Does South Africa Deliver? Florin R. Ferrs flies there to find out.
South Africa has been in the travel map a lot lately, with its vuvuzelas in the news during a great world cup this year, I was itching to find out if this country could really possibly deliver all the travel treasures it promises.
I found a deal on my favorite international airfare portal for a flight on South African Airways to Cape Town via New York and Johannesburg, with a feeder flight from California to New York on Virgin America. I decided to book 2 separate roundtrip flights in order to spend one night in New York each way to break up the trip (I’m glad I did).
When it came to finding hotels in Cape Town, I found out that most hotels start from $100 and up. Backpacker hostels are a cheaper option, but I wanted a private bathroom, so I decided to use AirBnb.com. They are a San Francisco based website that puts you in touch with apartment owners from all over the world, enabling travellers to avoid hotels and save money, while getting a more localized experience.
My apartment owner turned out to be an artist from Leeds, England that purchased a cosy vacation studio apartment in downtown Cape Town, located walking distance to most of the sights, inside a cool building with an interior courtyard with shops that cater to traveller’s needs (from laundry service, to a curry, plus a corner shop and an internet cafe). The apartment owner was also able to organize covered parking with 24 hour security for my rental car (a bit of a necessity in Cape Town, more on that later).
Cape Town itself is small enough to walk, but the Cape of Good Hope region south of the city includes some of the most awesome drives on the planet, so a car rental was recommended. I booked a car for 10 days on the vayama.com, their car broker works with local companies in order to score the best price. I was a bit apprehensive about driving on the “wrong side” of the road, but the car rental company didn’t seem concerned, so I decided that I shouldn’t either.
With Lonely Planet South Africa in hand I start my 5 hour red eye flight to New York on Virgin America. The lights inside the cabin are purple and the pilots wear the same uniforms as the air hosts (all black). I’m trapped inside a cheesy nightclub in the sky. The seats in coach class are a bit narrow, but are all leather and come with a personalized video screen, so it’s already several notches above US legacy carriers (thanks Sir Richard Branson).
After a day sightseeing in New York (they have tables and chairs in Time Square now!), I spend one night in a hotel near JFK, as my South African Airways flight departs at 10.30 AM the following morning. The new JFK inter-terminal train is sleek and convenient (I still remember the old horrible bus). I settle down for the 15 hour flight to Johannesburg. South African Airways provides personal video screens in coach class, so I decide to catch up on a few indie movies (The Kids Are Alright). Soon after take off the air hosts delivered drinks, I ask for South African wine and receive 2 miniature bottles so it’s a great start. The service on South African Airways is old fashioned good, with great food in coach class and snacks and drinks during the flight.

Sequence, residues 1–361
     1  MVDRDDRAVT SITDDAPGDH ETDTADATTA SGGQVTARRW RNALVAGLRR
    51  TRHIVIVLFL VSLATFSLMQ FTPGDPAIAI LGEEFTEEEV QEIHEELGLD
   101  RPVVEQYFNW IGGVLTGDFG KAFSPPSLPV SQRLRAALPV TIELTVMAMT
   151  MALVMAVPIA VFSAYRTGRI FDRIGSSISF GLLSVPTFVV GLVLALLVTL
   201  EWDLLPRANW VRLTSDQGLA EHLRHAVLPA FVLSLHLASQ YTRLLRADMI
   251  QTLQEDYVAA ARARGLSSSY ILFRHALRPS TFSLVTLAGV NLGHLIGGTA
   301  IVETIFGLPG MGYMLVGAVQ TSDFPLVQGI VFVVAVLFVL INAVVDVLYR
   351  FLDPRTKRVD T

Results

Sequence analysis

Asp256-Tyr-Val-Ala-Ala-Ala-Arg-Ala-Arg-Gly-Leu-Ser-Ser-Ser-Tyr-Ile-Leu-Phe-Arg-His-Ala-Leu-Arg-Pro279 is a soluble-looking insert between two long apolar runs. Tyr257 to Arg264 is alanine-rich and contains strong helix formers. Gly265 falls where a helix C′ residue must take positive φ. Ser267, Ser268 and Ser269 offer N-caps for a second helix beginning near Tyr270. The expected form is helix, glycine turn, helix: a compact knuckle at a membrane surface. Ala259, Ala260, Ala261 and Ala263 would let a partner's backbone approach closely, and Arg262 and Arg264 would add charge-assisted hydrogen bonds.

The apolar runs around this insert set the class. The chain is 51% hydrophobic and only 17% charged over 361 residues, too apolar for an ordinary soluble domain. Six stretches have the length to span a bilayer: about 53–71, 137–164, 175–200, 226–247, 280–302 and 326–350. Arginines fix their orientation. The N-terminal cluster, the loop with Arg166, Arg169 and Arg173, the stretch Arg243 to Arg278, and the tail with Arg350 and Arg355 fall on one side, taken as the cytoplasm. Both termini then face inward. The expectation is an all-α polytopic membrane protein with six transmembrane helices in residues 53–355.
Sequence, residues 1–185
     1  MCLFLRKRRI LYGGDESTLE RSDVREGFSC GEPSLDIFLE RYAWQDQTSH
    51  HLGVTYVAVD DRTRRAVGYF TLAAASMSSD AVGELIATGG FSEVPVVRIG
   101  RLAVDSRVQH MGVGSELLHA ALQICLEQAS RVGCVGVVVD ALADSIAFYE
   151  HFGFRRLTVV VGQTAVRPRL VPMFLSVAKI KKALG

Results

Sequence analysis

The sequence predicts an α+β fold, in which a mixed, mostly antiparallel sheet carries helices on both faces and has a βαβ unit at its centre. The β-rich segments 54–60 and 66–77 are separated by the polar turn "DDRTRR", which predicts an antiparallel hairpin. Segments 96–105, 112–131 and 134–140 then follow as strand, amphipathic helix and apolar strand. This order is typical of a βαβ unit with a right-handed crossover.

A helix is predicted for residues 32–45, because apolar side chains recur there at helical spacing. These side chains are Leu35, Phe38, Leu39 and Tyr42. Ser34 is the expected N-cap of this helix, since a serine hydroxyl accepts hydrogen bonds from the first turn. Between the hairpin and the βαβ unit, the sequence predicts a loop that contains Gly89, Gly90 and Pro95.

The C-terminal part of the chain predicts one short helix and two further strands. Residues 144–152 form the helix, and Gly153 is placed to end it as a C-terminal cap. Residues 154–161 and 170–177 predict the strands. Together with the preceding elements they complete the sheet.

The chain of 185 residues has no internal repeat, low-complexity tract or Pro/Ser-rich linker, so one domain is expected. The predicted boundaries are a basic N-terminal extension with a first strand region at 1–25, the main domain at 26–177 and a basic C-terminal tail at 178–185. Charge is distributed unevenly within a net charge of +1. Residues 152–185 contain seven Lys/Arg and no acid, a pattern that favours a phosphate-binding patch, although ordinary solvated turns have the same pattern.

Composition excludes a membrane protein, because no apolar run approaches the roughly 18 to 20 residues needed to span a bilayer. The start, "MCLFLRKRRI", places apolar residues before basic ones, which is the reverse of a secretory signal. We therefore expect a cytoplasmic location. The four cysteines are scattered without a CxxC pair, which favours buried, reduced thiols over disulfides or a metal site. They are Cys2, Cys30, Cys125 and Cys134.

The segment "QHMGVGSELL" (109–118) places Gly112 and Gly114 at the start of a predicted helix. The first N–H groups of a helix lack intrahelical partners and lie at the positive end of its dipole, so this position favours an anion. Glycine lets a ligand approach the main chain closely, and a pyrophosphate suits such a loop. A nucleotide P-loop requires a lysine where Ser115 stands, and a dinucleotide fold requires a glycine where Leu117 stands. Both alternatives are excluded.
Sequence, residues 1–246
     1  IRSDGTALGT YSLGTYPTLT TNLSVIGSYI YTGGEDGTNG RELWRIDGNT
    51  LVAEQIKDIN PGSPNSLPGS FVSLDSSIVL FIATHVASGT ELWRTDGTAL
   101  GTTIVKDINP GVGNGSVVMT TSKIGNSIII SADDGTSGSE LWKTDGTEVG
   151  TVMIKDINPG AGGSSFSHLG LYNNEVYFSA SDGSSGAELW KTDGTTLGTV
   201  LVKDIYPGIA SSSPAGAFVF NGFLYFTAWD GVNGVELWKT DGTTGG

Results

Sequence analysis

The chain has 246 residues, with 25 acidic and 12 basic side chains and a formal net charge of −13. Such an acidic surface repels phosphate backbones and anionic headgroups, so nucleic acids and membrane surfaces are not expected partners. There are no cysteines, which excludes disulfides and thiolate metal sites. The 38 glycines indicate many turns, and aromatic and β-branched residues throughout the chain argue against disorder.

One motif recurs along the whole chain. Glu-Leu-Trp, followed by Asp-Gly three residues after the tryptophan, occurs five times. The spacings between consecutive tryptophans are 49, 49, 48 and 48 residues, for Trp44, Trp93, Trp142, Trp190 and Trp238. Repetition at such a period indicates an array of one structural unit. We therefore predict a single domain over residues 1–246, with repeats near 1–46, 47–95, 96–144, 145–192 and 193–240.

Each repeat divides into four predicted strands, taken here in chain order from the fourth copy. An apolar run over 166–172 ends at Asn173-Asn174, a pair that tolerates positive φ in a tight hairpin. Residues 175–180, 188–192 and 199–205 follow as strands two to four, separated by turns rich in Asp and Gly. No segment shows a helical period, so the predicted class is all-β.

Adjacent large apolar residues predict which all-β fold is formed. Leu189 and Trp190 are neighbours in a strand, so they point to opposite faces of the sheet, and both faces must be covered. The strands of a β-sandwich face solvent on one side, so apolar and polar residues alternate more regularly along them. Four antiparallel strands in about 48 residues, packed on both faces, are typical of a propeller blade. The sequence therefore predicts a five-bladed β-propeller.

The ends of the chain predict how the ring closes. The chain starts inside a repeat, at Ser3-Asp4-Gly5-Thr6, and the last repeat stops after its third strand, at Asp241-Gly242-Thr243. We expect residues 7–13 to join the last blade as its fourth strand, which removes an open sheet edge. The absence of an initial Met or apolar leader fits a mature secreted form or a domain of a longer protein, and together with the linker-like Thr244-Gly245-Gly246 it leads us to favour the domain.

Three movies, several naps and a breakfast service later, we finally fly over Johannesburg. The city sprawls over several freeways and suburbs that are surrounded by heaping piles of gold mine slag.
After speedy immigration in Jo’burg, we are soon on our way to Cape Town. South African Airways serves drinks and sandwiches on their short domestic flights (beer, wine, water, juice), compared to the small cup of orange juice you get on a 5 hour coast to coast USA flights, it feels positively lavish.
We finally land in Cape Town on a glorious sunny southern spring day. The view of Table Mountain from the airport is mind boggling. It’s time to collect my rental car and drive British style. Thanks to Google Maps Street view I’m already familiar with the freeways and the turns I need to take in Downtown Cape Town in order to get to my vacation apartment (thanks Google).
Early the next day, I head to Boulders Beach to see the penguins. The Drive south is amazing, reminiscent of Southern France, with cafes and restaurants along palm lined beach boulevards. I am soon motoring along Chapman’s Peak Drive. This is the road the tour books rave about. Paradise on earth comes to mind as I drive up a steep mountain road above powder white beaches with azure blue waters. I finally get to Boulders, and I can hear the penguins, they make a loud, donkey like moan that has given them the nickname of Jackass Penguins.
The beauty of Boulders Beach is that you can actually swim with the Penguins. They have one cove for penguins and another cove for humans. The “human” beach is a magenta blue swimming pool, perfect for kids. The boulders that give the beach its name spread out protectively, giving the penguins a perch from witch to spy down on the bathing humans. I wonder what they think? We came all this way to see them, but they end up staring back at us.
Next Week: Part 2 Driving trough Elephant territory in Addo Elephant Park.